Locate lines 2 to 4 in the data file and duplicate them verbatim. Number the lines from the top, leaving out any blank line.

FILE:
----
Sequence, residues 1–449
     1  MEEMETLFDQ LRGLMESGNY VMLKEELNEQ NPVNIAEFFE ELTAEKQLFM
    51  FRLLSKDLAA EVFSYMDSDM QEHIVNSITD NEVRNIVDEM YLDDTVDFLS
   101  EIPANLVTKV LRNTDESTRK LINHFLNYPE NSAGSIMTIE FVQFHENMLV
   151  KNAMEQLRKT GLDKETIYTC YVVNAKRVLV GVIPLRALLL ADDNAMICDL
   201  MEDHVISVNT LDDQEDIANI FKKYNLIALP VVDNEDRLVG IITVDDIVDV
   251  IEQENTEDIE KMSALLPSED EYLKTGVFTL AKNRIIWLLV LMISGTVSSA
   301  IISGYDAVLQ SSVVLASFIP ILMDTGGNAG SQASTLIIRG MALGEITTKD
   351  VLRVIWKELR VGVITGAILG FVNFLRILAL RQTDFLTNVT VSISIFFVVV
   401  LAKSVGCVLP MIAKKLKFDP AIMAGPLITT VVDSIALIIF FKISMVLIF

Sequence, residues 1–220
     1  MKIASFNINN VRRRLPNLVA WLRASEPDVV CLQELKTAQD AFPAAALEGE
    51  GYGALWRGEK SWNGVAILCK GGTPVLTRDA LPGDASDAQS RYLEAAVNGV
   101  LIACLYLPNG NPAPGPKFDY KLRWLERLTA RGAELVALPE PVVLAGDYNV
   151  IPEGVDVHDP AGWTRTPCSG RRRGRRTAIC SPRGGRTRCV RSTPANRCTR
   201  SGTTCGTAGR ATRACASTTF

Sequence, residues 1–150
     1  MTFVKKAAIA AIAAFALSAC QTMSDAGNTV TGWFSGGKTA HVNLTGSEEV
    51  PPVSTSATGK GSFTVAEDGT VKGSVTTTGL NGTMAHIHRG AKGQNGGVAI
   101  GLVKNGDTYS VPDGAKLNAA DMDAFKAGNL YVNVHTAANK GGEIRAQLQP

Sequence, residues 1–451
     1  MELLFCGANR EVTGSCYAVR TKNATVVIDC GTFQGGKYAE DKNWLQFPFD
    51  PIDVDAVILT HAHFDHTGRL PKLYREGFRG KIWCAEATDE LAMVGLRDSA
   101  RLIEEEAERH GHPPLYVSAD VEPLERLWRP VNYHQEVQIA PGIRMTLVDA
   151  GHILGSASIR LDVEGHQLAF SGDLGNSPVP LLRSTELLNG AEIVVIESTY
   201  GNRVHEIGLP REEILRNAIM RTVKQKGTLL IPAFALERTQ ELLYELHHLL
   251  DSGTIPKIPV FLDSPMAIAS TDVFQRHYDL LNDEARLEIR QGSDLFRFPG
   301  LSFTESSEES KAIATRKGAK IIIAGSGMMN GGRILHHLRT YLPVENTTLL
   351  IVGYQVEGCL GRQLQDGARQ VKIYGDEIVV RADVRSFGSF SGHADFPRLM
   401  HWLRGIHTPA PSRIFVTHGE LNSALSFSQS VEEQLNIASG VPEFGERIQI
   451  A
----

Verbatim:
     1  MEEMETLFDQ LRGLMESGNY VMLKEELNEQ NPVNIAEFFE ELTAEKQLFM
    51  FRLLSKDLAA EVFSYMDSDM QEHIVNSITD NEVRNIVDEM YLDDTVDFLS
   101  EIPANLVTKV LRNTDESTRK LINHFLNYPE NSAGSIMTIE FVQFHENMLV